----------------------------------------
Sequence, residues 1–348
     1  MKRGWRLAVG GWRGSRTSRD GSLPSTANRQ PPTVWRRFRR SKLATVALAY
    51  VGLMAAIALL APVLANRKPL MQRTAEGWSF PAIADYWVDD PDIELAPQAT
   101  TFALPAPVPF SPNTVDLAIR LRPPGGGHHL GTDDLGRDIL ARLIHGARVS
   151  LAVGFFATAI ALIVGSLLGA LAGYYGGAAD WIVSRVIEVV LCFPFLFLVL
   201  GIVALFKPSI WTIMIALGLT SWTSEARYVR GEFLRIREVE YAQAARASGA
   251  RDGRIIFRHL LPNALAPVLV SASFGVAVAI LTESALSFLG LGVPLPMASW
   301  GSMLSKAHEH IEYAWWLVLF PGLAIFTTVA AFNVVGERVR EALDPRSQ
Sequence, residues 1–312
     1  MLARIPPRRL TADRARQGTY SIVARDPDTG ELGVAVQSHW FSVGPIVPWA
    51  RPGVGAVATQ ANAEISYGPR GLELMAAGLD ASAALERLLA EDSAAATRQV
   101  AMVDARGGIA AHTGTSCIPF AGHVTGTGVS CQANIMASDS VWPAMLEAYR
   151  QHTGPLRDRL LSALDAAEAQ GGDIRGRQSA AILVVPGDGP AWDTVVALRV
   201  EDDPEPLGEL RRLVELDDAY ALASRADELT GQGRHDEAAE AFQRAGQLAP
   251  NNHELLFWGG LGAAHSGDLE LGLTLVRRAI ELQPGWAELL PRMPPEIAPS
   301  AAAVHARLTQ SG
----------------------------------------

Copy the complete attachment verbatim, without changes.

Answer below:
Sequence, residues 1–348
     1  MKRGWRLAVG GWRGSRTSRD GSLPSTANRQ PPTVWRRFRR SKLATVALAY
    51  VGLMAAIALL APVLANRKPL MQRTAEGWSF PAIADYWVDD PDIELAPQAT
   101  TFALPAPVPF SPNTVDLAIR LRPPGGGHHL GTDDLGRDIL ARLIHGARVS
   151  LAVGFFATAI ALIVGSLLGA LAGYYGGAAD WIVSRVIEVV LCFPFLFLVL
   201  GIVALFKPSI WTIMIALGLT SWTSEARYVR GEFLRIREVE YAQAARASGA
   251  RDGRIIFRHL LPNALAPVLV SASFGVAVAI LTESALSFLG LGVPLPMASW
   301  GSMLSKAHEH IEYAWWLVLF PGLAIFTTVA AFNVVGERVR EALDPRSQ
Sequence, residues 1–312
     1  MLARIPPRRL TADRARQGTY SIVARDPDTG ELGVAVQSHW FSVGPIVPWA
    51  RPGVGAVATQ ANAEISYGPR GLELMAAGLD ASAALERLLA EDSAAATRQV
   101  AMVDARGGIA AHTGTSCIPF AGHVTGTGVS CQANIMASDS VWPAMLEAYR
   151  QHTGPLRDRL LSALDAAEAQ GGDIRGRQSA AILVVPGDGP AWDTVVALRV
   201  EDDPEPLGEL RRLVELDDAY ALASRADELT GQGRHDEAAE AFQRAGQLAP
   251  NNHELLFWGG LGAAHSGDLE LGLTLVRRAI ELQPGWAELL PRMPPEIAPS
   301  AAAVHARLTQ SG